24. PUKO’A ORGANIZATIONAL STRUCTURE Püko'a has no elected officers and reaches decisions on policies and recommendations through its executive council, which meets every other month.

  25. PUKO’A ORGANIZATIONAL STRUCTURE The membership of each campus elects two representatives to the Püko'a Executive Council, providing equal representation for each campus, whether it is a community college or four-year university.

  26. PUKO’A ORGANIZATIONAL STRUCTURE All members can attend executive council meetings, but only the elected representatives or their proxies can vote. The executive council approves motions and policies in the traditional Hawaiian way, by consensus.

  27. PUKO’A EXECUTIVE COUNCIL-JANUARY 2004

  28. PUKO’A EXECUTIVE: UH MANOA • Lilikalä Kame'eleihiwa, Director, Kamakaküokalani Center for Hawaiian Studies, • Kapä Oliveira, Instructor, Department of Hawaiian and Indo-Pacific Languages

  29. PUKO’A EXECUTIVE: UH HILO • Kalena Silva, Director, Ka Haka 'Ula o Ke'elikölani College of Hawaiian Language • Kalani Makekau-Whittaker, Coordinator, Kïpuka - Title III Native Hawaiian Student Support Program

  30. PUKO’A EXECUTIVE • HAWAI'I COMMUNITY COLLEGE • Pua Kanahele, Assistant Professor, Hawaiian Studies • Kaipo Frias, Instructor, Title III Ola 'O Haloa • HONOLULU COMMUNITY COLLEGE: • Jan Petersen, Dean, Liberal Arts • Kahunawai Wright, Coordinator, Native Hawaiian Vocational Education Project

  31. PUKO’A EXECUTIVE KAPI'OLANI COMMUNITY COLLEGE • Kealalokahi Losch,Assistant Professor, Hawaiian and Pacific Island Studies • Colette Higgins, Instructor, Hawaiian and Pacific Island Studies

  32. PUKO’A EXECUTIVE KAUA'I COMMUNITY COLLEGE • Ilei Beniamina, Assistant Professor, Student Services • Dennis Chun, Instructor, Hawaiian Studies

  33. PUKO’A EXECUTIVE • LEEWARD COMMUNITY COLLEGE • 'Ekela Kaniaupio-Crozier, Instructor, Hawaiian Language • Momi Kamahele, Instructor, Hawaiian Studies • MÄUI COMMUNITY COLLEGE • Lui Hokoana, Director, Ku'ina Program • Kï'ope Raymond, Assistant Professor, Hawaiian Studies

  34. PUKO’A EXECUTIVE WINDWARD COMMUNITY COLLEGE • Liko Hoe, Instructor, Hawaiian Language and Culture • Kalani Meinecke, Assistant Professor, Hawaiian Language and Culture

  35. PUKO'A UH STATEWIDE COUNCIL: UH MANOA • College of Education: Kerri-Ann Hewitt, Pi'ilani Ka'aloa, Moku Ka'aloa, Margie Maaka • Co-Curricular Activities, Programs & Services: Lia O'Neill Keawe • Ethnic Studies: Davianna McGregor • Hawaiian Art: Maile Andrade • Hawaiian Engineering: Kaeo Duarte, Joshua Kaÿakua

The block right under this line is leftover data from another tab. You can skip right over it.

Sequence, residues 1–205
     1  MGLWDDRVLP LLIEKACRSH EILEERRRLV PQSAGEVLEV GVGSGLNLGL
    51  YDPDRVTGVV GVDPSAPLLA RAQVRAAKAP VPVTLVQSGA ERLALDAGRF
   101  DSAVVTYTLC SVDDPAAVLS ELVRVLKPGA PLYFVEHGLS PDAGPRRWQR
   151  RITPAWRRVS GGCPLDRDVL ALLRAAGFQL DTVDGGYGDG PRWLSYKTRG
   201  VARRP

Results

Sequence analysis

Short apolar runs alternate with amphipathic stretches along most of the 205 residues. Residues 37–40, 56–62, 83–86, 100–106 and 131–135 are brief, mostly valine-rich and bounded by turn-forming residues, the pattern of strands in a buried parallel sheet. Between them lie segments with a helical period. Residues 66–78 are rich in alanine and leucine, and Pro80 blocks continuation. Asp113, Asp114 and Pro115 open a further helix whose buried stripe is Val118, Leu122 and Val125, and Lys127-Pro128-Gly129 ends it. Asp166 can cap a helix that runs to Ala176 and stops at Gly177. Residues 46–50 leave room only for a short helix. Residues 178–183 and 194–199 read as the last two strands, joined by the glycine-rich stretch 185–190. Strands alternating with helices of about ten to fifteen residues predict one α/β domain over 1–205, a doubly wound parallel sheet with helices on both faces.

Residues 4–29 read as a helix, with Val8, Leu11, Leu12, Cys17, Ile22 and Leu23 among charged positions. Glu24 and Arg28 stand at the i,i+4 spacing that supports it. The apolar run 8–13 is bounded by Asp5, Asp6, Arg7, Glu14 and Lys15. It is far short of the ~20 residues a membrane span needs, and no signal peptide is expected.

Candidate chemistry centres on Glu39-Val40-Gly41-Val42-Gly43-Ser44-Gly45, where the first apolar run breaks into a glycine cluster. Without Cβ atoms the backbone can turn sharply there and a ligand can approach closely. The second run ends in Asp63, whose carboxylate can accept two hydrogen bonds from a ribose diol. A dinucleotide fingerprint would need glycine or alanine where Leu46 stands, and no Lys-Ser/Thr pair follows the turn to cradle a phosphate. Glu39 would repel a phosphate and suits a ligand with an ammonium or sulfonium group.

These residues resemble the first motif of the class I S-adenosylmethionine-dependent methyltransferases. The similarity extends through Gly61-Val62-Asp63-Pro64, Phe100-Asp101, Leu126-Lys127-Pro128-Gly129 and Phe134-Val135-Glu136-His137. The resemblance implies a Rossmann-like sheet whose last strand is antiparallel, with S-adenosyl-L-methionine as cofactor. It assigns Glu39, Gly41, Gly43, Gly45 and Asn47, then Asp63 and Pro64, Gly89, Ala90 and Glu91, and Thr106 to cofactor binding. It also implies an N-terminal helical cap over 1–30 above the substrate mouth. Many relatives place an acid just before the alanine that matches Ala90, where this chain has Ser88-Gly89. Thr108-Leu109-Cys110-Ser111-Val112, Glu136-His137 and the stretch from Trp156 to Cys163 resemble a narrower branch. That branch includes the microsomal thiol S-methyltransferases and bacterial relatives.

36. PUKO'A UH STATEWIDE COUNCIL: UH MANOA • Hawaiian Language Program and Mary Kawena Pukui Hale Center for Survival and Promotion of the Hawaiian Language: Kekeha Solis, No'eau Warner, Naomi Losch, Kapä Oliveira, Keawe Lopes, Keao Nesmith, Kaliko Baker, Haili Baker, Leilani Basham, U'ilani Bobbitt, Keoki Faria, 'Ioli'i Hawkins, Keli'i Ki'ilehua, Lalepa Koga, Kawehi Lucas, Puakea Nogelmeier, Ipo Wong, Laiana Wong

  37. PÜKO'A UH STATEWIDE COUNCIL: UH MANOA • Hawaiian Music: Vicky Holt-Takamine, Iokepa DeSantos, Nola Nahulu, Noelani Zuttermeister, Peter Medeiros • Haumana Biomedical Research Program: Healani Chang • 'Ike Ao Pono: Nalani Minton • 'Imi Hö'ala Health Careers Opportunity Program: Nanette Judd • Intercollegiate Athletics: Marilyn Moniz-Kaho'ohanohano

  38. PÜKO'A UH STATEWIDE COUNCIL: UH MANOA • Kamakaküokalani Center for Hawaiian Studies: Lilikalä Kame'eleihiwa,Jonathan Osorio,Kanalu Young, Carlos Andrade, April Drexel, Mehanaokala Hind, Ku'uipo Cummings, Levon Ohai, Pömaika'i Kaniaupio-Crozier, Marvlee Naukana-Gilding, Tino Ramirez • Küle'a: Ioane Ho'omanawanui • Küali'i Council: Nainoa Thompson • Kuali’i Student Services: Kalawai'a Moore

  39. PÜKO'A UH STATEWIDE COUNCIL: UH MANOA Küle'a: Ioane Ho'omanawanui • Native Hawaiian Center of Excellence: Ben Young, Martina Kamaka • Native Hawaiian Leadership Project: Manu Ka'iama • Nä Pua No'eau Program for Gifted and Talented Hawaiian Youth: Kinohi Gomes • Political Science: Noenoe Silva, Mamo Kim • Puko’a/Kuali’i Coordinator: Kahi Brooks